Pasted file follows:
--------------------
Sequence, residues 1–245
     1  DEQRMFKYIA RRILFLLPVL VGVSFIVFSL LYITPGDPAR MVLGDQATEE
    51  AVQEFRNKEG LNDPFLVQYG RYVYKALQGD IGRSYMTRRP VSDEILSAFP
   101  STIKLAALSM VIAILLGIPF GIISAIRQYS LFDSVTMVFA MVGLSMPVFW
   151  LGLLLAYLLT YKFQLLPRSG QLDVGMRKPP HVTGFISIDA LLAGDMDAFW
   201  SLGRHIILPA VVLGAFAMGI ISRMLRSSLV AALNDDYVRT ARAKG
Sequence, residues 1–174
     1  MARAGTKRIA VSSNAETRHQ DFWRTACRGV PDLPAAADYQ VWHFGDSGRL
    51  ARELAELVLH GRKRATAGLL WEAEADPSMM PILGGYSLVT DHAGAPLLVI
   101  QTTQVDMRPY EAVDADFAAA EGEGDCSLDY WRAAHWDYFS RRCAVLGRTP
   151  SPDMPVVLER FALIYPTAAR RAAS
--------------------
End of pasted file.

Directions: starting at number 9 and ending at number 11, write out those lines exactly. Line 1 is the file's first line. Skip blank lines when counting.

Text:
    51  ARELAELVLH GRKRATAGLL WEAEADPSMM PILGGYSLVT DHAGAPLLVI
   101  QTTQVDMRPY EAVDADFAAA EGEGDCSLDY WRAAHWDYFS RRCAVLGRTP
   151  SPDMPVVLER FALIYPTAAR RAAS